MILAVIA > Aircraft > Su-15 > Operators Last updated: 5 May 2010
MILAVIA Aircraft - Sukhoi Su-15 'Flagon'

Sukhoi Su-15 'Flagon' Operators

Information regarding Soviet Air Defense fighter regiments prior to 1989-1991 is hard to find on the internet. The information you find below is probably somewhat inaccurate and incomplete, and can only be used as an indication. The same applies to the delivery and other service information.

Operator: | Soviet Union / Russia | Azerbaijan | Georgia | Ukraine |

1. Soviet Union/Russia: BACK TO TOP
Delivered: Total: 1290
Service pre-1992: 54th IAP, 6th OA PVO, Vaneide (Wainode), Su-15 1967, Su-15TM 1970s (replaced by Su-27)
180th IAP, 6th OA PVO, Su-15 1969, Su-15TM 1978 (replaced by Su-27 1988, and/or MiG-31)
57th IAP, 10th OA PVO, Norilsk
265th IAP, 10th OA PVO, Poduzheme, Latvia (replaced by Su-27)
431st IAP, 10th OA PVO, Afrikanda (replaced by Su-27 1991-1992)
22nd IAP, 14th OA PVO, Bezrechnaya (Su-15TM)
813th IAP, 14th OA PVO, Novosibirsk (Su-15TM)
153rd IAP, PVO, Morshansk, (replaced by MiG-31 1989-1991)
156th IAP, PVO, ?, (reequipped with Su-17 in 1981 and became 156th APIB)
611th IAP, PVO, Dorokhovo
700th IAP, PVO, Tikhoretsk
712th IAP, PVO, Kansk (replaced by MiG-31)
777th IAP, PVO, Sokol, Dolinsk, Su-15TM (disbanded?)
2179th BRS, PVO, Bobrovka, depot unit
4884th BRS, PVO, Bobrovka, depot unit (disbanded 1990)
148th Pilot Combat Training Centre, PVO, Savastleika
Service post-1992: 57th IAP, 10th PVO VA, Norilsk
611th IAP, PVO, Dorokhovo, Su-15TM (1993 replaced by Su-27)
Withdrawn: ~1978-1980 Su-15/Su-15UT
~1992-1993 Su-15TM/Su-15UM
First delivered: 1967 Su-15
1970 Su-15UT
1972 Su-15TM
1976 Su-15UM
Last delivered: ~1971 Su-15
1972 Su-15UT
1975 Su-15TM
1979 Su-15UM
Information: The Soviet Union was the only operator of the Su-15 until the break-down of the Soviet Union. The Soviet Air Defence Forces (PVO) were until then the sole operator of the Su-15 and only operated the aircraft from Soviet territory with exception of a small group of Su-15 operated by Soviet crews in Egypt during the 1970s for air defense. It replaced the early Su-9 and Su-11 interceptors as well as Yak-25Ms and Yak-25Ps.
The Su-15 was operated in natural metal color or a camouflage consisting of brown and green tones with a grey-blue underside. The radome always in green. The number of operational Su-15 interceptors in the early 1990s is estimated at 300 aircraft (with about 230-240 based in the European part of the Soviet Union), a total of 500 Su-15 airframes are believed to have been scrapped after the CFE treaty went into force in 1992.
2. Azerbaijan: BACK TO TOP
Delivered: *
Service pre-1992: 41st IAP?, (19th AO PVO?), Baku
Service post-1992: ?
Withdrawn: 2000?
First delivered: ?
Last delivered: ?
Information: Following the break-down of the Soviet Union, Azerbaijan was one of the countries that inherited a number of Soviet aircraft types which were stationed on their territory. In the case of Azerbaijan these included a number of Su-15TM/UM. Little is known about the status of these aircraft and their operational service after 1992. In the series of conflicts with Armenia between 1988 and 1994, the deployed combat aircraft were MiG-21, MiG-25, Su-17, Su-24, Su-25 and Mi-24 helicopters. It was reported in 2000 that Azerbaijan could possibly still have a handful operational. But this seems unlikely, considering the amount of more capable aircraft in service.
3. Georgia: BACK TO TOP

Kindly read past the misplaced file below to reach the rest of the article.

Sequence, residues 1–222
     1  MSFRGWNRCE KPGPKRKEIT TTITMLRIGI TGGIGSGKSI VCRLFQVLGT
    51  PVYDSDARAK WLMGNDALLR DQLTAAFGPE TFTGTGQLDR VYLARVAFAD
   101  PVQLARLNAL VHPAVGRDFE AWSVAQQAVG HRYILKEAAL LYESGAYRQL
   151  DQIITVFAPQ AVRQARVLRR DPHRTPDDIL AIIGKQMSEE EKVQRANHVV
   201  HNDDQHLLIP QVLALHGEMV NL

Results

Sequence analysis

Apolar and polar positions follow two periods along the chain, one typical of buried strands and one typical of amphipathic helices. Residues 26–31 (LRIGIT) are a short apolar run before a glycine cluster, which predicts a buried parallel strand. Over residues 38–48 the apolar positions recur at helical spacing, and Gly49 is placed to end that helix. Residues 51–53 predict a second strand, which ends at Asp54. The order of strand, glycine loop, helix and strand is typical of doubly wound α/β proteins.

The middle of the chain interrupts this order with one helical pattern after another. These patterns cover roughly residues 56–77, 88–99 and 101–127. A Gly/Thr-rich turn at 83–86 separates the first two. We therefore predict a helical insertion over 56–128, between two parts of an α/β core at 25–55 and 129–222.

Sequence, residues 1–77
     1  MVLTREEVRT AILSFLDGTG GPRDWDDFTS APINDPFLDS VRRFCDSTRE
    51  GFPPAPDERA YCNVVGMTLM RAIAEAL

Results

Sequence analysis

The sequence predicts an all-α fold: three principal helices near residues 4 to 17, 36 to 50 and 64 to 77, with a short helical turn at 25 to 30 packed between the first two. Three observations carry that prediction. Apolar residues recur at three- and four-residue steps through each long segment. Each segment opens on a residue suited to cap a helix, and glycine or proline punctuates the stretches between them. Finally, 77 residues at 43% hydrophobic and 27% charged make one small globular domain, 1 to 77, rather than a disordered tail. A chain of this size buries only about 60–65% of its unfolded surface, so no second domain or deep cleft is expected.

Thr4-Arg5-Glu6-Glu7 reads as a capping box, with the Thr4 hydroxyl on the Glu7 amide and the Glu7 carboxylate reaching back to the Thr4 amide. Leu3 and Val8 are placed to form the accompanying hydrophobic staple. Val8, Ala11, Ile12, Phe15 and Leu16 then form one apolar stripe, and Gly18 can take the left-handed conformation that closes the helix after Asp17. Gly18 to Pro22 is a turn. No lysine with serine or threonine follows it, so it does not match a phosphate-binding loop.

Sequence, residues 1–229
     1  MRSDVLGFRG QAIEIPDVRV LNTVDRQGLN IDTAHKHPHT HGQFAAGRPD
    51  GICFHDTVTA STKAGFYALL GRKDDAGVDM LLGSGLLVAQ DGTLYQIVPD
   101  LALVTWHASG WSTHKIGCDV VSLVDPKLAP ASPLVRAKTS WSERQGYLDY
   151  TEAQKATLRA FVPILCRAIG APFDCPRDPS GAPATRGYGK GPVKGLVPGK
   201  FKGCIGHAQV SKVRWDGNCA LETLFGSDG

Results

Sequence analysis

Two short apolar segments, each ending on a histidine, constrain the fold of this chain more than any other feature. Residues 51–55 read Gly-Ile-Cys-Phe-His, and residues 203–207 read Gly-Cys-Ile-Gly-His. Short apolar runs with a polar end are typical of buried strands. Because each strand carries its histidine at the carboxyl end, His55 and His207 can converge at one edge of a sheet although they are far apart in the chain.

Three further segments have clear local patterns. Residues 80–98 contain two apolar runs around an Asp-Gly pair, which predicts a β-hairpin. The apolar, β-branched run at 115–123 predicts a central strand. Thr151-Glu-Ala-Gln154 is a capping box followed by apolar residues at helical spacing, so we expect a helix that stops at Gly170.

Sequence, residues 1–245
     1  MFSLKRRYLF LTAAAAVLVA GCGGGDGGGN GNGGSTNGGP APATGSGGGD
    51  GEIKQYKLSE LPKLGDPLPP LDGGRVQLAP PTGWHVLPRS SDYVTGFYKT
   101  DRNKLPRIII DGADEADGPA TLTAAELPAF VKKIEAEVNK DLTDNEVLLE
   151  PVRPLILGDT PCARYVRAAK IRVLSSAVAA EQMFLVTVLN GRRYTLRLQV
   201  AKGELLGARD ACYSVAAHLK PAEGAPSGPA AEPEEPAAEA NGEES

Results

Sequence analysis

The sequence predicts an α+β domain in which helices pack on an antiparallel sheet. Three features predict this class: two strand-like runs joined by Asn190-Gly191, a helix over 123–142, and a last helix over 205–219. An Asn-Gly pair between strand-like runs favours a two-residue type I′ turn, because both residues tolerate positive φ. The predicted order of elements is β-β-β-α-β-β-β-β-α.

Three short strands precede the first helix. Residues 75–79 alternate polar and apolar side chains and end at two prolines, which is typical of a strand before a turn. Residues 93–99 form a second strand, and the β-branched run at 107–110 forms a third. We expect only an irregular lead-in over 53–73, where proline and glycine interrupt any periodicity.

Delivered: ~40 Su-15TM/UM to 166th IAP 29* Su-15TM/UM to independent republic of Georgia
Service pre-1992: 166th IAP, 19th PVO VA, Sandar (Marneuli)
Service post-1992: ?
Withdrawn: 1991-1992
First delivered: ?
Last delivered: 1992*
Information: Georgia is sometimes reported as an operator of the Su-15, however the independent republic did not continue to operate the aircraft after the break-up. The 166th IAP was one Su-15 regiment of the PVO that was stationed in Georgia until 1991-1992, but the regiment moved to Russia and dissolved. The Russians left primarily Su-15s behind at Marneuli AB, near Tbilisi. The Georgian Military Chronicle, Vol. 1, No. 1, November 1994. reports a total number of 29 Su-15 aircraft that it inherited from the Soviet Union in 1992. When the Georgian Air Force was established it took delivery of new Su-25s, produced by Tbilisi Aircraft Works, and thus it seems unlikely any Su-15s were ever operated under the Georgian flag.
4. Ukraine: BACK TO TOP
Service pre-1992: 62nd IAP, 8th PVO Air Army, Belbek
636th IAP, 8th PVO Air Army, Kramatorsk
737rd IAP, PVO, ?, (replaced by MiG-23P)
Service post-1992: 62nd IAP, Ukr ADF, Belbek (replaced by Su-27)
636th IAP, Ukr ADF, Kramatorsk (replaced by MiG-23P)
Withdrawn: 1996 Su-15TM/UM
First delivered: ?
Last delivered: ?
Information: After the break-up of the Soviet Union, two former PVO Su-15 regiments remained in the country. The 62nd IAP used to be based at Belbek with 31 aircraft, and the 636th IAP at Kramatorsk with 39 aircraft. At the time of the Soviet break-up the 62nd was receiving the Su-27P and the 636th the MiG-23P as replacements. However the Ukraine continued to fly the Su-15TM/UM aircraft into the mid 1990s. In March 1992 the Ukrainian Air Force was officially established, but the Su-15s continued to serve with the Air Defence. The Soviet red star was replaced by the Ukrainian trident and in 1995 the Air Defence fleet was incorporated into the Air Force. In 1996 the last examples could be seen flying from Belbek near Sevastopol, before being mothballed.
* aircraft were inherited from the former Soviet Union
~ estimated
? unknown
- none or not applicable
/ combination of both

Several websites on Soviet military aviation are based on the Soviet Aerospace Almanac, Air Force Magazine, March 1987 which reported 240 Su-15s for the PVO and 260 for the VVS. It is now known that only the PVO operated the Su-15.
Sources: BACK TO TOP
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